(disclaimer: the following may sound insensitive to some. Please do give me your opinions if you find it insensitive or offensive, but know that I don't mean it that way; these are just my thoughts and questions being put out there in the open, of a Singaporean girl who comes from quite a comfortable background coming into contact with a country that has a lot of homeless people, something I don't see to this degree back home. There are many people in Singapore who are in need, in terms of finances and much more; but this, here, is in some ways a societal difference that I have yet to wrap my head around.)
cambridge day 2
I'm walking down Bridge Street, waiting to have dinner with Yixuan after she's done with her paper, when a woman stops me: "do you have any change, I'm homeless, I'm just looking to buy a cup of coffee, it was raining, I'm so cold" - at the reminder of the rain I get out my wallet and hand her two pounds. It was indeed raining the whole day. Not a Singapore thunderstorm, just light, rhythmic; but I had spent the afternoon rolling around in bed because of it, and she had to be out here. I would have rather just bought her coffee or soup, but there was no cafe or supermarket nearby.
There are so many homeless people around, and I've been feeling guilty at walking past them without giving them money, so I determined to give today. But it's just sort of odd to me, because many are also seemingly perfectly able-bodied, not old, capable of working. I wonder if a few of them prefer not to work, because they get unemployment benefits; I've heard this more cynical line of reasoning, with anecdotal evidence, from some people. And I personally don't see very many people in Singapore who ask for something for nothing; even a blind man busks; even a wheelchair-bound woman sells tissue packets. (This is also indicative of something terribly twisted and wrong in our own society, though, especially when you think about people who are forced to resort to prostitution or multiple jobs to support their family; I do think that unemployment benefits have a place, and better medical fee coverage / childcare support for those who need it.) They're doing what they can, as long as they're able to, for what you can give. Here...there are so many people just...sitting there, unashamed to ask others for change. I'm a student who earns $6-8 an hour from taking bubble tea orders and transcribing interviews late into the night. During the school term I sleep about 4 hours a night. My flight ticket here was the result of 3 months of part-timing at Koi. And even so I hate asking my parents for allowance when I need it - I'd rather skip meals, even though I know my parents will definitely give me if I ask - so I guess it is strange for me to enter a world where so many people who seem capable of working are sitting around and asking for money.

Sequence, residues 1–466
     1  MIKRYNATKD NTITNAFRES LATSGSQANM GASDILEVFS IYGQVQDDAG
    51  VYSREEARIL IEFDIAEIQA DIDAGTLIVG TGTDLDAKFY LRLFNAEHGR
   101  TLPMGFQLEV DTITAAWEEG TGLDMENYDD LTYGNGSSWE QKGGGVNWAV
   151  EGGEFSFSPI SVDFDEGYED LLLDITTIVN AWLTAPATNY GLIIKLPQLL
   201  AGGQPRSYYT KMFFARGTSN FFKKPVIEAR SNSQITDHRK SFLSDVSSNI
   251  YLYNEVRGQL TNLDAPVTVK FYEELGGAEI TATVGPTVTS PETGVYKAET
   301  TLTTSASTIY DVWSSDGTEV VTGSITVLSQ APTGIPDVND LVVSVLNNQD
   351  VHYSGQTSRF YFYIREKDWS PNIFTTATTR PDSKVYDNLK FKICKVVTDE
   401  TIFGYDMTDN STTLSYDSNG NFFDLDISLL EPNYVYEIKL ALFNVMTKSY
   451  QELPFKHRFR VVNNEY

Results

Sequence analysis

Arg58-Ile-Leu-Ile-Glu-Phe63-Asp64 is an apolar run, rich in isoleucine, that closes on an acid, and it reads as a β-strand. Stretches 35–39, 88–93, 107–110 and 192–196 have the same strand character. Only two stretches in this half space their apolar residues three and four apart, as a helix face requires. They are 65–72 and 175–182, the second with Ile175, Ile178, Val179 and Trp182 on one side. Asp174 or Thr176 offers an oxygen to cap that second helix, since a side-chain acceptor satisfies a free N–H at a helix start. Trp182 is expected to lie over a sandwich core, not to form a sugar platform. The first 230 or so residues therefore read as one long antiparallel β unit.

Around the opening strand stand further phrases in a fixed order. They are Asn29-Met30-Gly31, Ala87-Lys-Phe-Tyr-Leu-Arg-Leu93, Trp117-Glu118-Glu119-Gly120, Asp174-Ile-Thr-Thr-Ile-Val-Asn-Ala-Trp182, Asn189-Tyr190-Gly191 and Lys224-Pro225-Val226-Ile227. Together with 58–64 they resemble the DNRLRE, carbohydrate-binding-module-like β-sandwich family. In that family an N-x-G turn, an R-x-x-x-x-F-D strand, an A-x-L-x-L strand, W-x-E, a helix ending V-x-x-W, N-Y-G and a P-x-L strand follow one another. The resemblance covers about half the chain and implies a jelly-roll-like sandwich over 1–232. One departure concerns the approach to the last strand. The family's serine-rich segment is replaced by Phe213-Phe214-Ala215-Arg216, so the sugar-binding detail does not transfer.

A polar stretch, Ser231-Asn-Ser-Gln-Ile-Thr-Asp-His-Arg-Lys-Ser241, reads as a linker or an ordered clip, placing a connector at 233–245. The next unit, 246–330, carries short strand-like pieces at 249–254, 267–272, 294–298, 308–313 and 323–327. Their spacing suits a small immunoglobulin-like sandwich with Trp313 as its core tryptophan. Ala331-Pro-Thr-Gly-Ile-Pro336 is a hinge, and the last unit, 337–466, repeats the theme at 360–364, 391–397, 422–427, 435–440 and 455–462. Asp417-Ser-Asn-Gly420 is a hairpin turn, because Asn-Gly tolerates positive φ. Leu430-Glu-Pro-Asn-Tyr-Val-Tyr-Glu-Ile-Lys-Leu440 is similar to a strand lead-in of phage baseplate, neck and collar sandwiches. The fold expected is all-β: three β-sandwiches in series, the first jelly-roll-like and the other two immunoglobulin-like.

But then I live in a country with an unemployment rate of under 2% and the third-highest average working hours in the world. A country whose housing prices are sky-high so a large portion of us live with our parents until we're married and eligible for our own flat* (or even after we're married, too; or also forever if we remain single, like my aunt or a couple of my mum's friends). A country of sleepless, overworked, stressed-out individuals who are always chasing, always chasing. A country of people too obsessed with "saving face" to be comfortable with asking others for money. A country where the poor work far too hard, for far too little, just to earn enough to get by, because unlike the UK, we don't have unemployment benefits; if you're fired you don't have a system that will support you. Work is a matter of struggle or death. What do I know about this country and its culture that is different from mine?
Two minutes later I reach the end of the street and stop to look at the advertisement of an Italian restaurant. "Ey," I hear from behind me. I turn back. Two men are sitting on a bench. "You got change?"
I do, I have two more pounds; but I finally ask him the question that I've been too afraid to ask every person who has asked me for money: "why don't you work?"
He doesn't seem to understand me. "Something, you got change?"
"Do you have a job?"
"I'm homeless. See my sleeping bag."